Raynaud’s disease (or syndrome) is a health condition which interrupts blood supply to the hands and feet, although other parts of the body’s ‘extremities’ may also be affected. It is most common among teenage or young women and is thought to have a genetic link, although anyone can develop the problem.
The condition is named after Maurice Raynaud, a French doctor who first described the symptoms in the mid 1800’s. Medically, there is a distinction between Raynaud’s syndrome and Raynaud’s disease, but most people are not aware of the differences and use the terms interchangeably, or simply refer to it as Raynaud’s.
What are the symptoms?
Raynaud’s syndrome causes a reduction in blood flow to the ‘extremities’ of the body - these are the areas furthest away from the heart and is the reason the disease affects the hands and feet first.
As blood flow is reduced, the skin turns white, then blue as oxygen supply runs out. As blood flow returns, the skin becomes red.
During the white and blue stage of Raynaud’s syndrome, a feeling of cold and numbness are the primary features. As blood returns, numbness improves, but with the return of normal sensation, you begin to experience pain (sometimes described as burning) and tingling.
In a way, these symptoms are the same as those experienced during and after building a snowman, but only more severe.
What causes Raynaud’s Syndrome?
There are two ways to answer this question:
- The primary cause of Raynaud’s is basically an over-reaction of the body to cold. Blood vessels have the ability to expand and contract depending on the external temperature – this natural response controls the amount of blood delivered and enables the body to preserve heat. In Raynaud’s syndrome, blood vessels narrow more than necessary when the body is exposed to the cold. This reduces blood supply to the extremities, to the hands and feet
- Raynaud’s syndrome can be present on its own, but often, it is associated with another health condition, usually an autoimmune disorder. Conditions responsible are wide ranging and include rheumatoid arthritis and lupus. Although these conditions arise as the result of a fault in the immune response, it is not clear exactly why narrowing of blood vessels occurs.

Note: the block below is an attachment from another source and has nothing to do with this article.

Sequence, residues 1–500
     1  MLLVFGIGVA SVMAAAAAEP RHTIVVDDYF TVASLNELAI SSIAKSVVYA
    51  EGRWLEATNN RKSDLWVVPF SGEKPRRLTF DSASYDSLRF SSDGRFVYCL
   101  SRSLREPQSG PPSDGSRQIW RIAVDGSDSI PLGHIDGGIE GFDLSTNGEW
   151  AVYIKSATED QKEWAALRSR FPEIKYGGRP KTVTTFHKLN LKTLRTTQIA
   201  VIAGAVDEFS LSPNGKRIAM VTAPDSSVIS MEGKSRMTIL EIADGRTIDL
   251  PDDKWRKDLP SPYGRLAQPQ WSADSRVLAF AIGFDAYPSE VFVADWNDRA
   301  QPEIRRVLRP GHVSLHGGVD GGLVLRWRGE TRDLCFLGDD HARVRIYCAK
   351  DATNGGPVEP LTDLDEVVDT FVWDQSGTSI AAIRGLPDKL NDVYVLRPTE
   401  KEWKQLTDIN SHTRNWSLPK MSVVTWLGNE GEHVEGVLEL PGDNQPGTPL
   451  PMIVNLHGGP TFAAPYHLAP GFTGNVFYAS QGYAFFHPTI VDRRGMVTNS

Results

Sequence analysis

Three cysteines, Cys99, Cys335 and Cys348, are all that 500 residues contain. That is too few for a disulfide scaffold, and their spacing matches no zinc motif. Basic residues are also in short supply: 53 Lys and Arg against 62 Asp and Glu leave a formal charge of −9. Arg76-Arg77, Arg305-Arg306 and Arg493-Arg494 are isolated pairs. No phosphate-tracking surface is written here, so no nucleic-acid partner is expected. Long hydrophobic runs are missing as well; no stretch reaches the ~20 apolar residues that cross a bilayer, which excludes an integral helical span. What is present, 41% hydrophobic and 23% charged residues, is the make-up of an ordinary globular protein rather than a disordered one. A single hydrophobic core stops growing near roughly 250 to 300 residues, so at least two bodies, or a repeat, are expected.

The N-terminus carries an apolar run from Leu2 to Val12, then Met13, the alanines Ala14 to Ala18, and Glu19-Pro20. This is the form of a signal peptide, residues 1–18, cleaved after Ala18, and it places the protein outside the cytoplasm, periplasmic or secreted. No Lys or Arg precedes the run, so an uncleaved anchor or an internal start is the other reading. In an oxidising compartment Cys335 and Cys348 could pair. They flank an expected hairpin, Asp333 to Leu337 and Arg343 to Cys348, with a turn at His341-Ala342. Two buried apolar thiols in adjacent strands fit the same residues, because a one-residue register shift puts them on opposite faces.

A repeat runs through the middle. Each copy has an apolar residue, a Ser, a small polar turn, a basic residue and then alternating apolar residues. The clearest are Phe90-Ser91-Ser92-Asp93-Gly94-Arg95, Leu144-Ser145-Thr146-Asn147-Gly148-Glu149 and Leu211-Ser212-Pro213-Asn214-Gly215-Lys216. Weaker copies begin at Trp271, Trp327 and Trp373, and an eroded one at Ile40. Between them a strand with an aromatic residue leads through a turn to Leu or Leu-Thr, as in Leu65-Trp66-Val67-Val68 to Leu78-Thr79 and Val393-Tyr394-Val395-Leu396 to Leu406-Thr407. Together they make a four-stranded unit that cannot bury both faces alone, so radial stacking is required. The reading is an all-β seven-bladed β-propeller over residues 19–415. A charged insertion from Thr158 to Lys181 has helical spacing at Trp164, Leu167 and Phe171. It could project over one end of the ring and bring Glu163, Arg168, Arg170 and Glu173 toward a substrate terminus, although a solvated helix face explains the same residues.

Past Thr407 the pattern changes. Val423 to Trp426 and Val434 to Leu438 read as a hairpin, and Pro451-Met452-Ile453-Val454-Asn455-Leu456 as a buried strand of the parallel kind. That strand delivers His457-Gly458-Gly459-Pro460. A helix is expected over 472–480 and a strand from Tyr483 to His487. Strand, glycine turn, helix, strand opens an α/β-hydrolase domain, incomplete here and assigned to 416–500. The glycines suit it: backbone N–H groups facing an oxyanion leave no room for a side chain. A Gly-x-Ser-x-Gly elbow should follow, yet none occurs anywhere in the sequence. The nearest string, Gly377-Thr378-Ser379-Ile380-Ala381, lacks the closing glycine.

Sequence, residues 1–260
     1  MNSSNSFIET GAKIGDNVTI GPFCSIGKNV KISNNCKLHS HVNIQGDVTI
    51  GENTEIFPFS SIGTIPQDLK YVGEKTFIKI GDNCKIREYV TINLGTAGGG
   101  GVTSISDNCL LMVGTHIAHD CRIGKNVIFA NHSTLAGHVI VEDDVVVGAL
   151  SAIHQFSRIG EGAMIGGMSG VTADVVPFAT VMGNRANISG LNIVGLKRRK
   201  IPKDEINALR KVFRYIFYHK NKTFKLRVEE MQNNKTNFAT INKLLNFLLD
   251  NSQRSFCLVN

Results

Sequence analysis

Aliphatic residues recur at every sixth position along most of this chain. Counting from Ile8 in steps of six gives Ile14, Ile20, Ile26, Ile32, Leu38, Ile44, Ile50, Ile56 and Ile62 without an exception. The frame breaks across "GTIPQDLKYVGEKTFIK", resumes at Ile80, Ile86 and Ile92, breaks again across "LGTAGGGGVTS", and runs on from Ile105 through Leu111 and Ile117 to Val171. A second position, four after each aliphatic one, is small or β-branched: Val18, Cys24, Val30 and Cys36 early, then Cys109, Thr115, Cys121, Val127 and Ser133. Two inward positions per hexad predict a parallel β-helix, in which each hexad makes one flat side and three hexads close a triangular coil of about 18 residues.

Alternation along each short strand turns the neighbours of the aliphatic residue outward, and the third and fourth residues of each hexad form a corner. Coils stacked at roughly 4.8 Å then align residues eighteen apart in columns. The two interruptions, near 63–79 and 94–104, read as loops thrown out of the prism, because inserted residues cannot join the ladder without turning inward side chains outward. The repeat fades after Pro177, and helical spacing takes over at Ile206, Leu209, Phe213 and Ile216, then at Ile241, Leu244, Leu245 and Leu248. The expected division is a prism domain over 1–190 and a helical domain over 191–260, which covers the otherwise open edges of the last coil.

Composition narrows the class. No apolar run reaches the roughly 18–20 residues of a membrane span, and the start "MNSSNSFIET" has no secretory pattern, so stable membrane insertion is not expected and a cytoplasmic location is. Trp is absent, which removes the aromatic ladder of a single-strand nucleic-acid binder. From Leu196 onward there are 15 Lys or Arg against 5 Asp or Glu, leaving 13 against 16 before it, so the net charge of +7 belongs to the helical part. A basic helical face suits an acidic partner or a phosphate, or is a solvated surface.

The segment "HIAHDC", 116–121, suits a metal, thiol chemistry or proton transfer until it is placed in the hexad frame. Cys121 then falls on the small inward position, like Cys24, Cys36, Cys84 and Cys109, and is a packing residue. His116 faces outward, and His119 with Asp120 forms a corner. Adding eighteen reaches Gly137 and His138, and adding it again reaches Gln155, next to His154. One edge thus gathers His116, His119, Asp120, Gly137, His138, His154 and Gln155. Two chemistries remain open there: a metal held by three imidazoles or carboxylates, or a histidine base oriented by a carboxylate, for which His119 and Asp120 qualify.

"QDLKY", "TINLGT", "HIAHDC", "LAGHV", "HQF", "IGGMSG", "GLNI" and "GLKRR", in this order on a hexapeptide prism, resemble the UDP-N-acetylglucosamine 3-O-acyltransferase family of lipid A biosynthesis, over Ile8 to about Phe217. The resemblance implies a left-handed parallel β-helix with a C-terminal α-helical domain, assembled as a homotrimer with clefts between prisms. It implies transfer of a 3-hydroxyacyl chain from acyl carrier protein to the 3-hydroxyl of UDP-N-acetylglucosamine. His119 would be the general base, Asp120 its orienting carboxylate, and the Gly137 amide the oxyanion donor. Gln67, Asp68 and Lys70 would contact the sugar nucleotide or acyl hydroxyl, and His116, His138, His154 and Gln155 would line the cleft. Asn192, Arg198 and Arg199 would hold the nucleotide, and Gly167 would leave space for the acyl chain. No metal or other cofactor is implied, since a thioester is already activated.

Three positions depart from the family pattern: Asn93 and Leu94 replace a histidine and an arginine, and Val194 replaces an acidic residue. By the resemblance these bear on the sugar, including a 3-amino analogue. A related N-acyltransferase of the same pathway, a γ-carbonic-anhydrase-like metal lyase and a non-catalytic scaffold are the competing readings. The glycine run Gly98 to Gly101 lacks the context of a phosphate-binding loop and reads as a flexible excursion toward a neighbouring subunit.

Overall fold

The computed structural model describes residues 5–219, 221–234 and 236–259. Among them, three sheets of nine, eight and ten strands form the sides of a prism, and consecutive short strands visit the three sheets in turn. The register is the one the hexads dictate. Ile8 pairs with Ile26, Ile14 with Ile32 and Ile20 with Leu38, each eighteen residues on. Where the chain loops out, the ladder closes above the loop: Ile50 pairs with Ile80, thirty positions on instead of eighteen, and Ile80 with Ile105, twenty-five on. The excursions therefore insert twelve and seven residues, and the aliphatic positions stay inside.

Self-help techniques for Raynaud’s
There are certain measures you can employ to help ease symptoms:
- Firstly, it is important to keep warm, cosy and dry. Even if it is a sunny day, it may still be cold enough to trigger symptoms. Wear the warmest gloves and socks you have and keep your hands in your pockets
- If you smoke, reduce the number of cigarettes you consume or consider stopping completely. Smoking narrows the blood vessels and will only contribute to the problem (as well as other health conditions)
- Try to avoid stress as much as possible. Stress causes blood vessels to constrict
- Exercise regularly, even if only gently, as it will improve blood flow around the body and improve blood flow to your hands and feet.
- Eat warming foods, especially when it is cold. Add spices such as ginger and pepper to your food. Garlic and fish oils have also been shown to improve circulation and can be incorporated into the diet or taken as a supplement
- Make sure you include enough nutrients in your diet, particularly those which support the nervous system such as vitamin B and magnesium.
Herbal remedies can be used alongside self-help techniques.
The Ginkgo tree is native to China and is one of our oldest and most well-known medicinal plants. Ginkgo leaf extracts, present in licensed herbal remedies such as Ginkgoforce® Ginkgo biloba tablets, have a specific action in increasing blow flow in the small blood vessels known as capillaries.
When to go to the doctor
If you think you suffer from Raynaud’s, see your doctor to have the condition confirmed. Having your blood pressure checked may be important as a low blood pressure (typically below 120/70) may contribute to symptoms.
If you are on medication, check with your doctor that your symptoms are not the result of side effects. For example, some beta blockers can give you cold hands and feet.
Your doctor may prescribe a medicine for Raynaud’s called nifedipine. It does not cure the syndrome but will help ease symptoms. It works by widening the blood vessels, thus improving blood flow. However, there may be some side-effects associated with use of this medicine.
Additionally, it is important to seek medical attention if your Raynaud’s is related to another medical condition.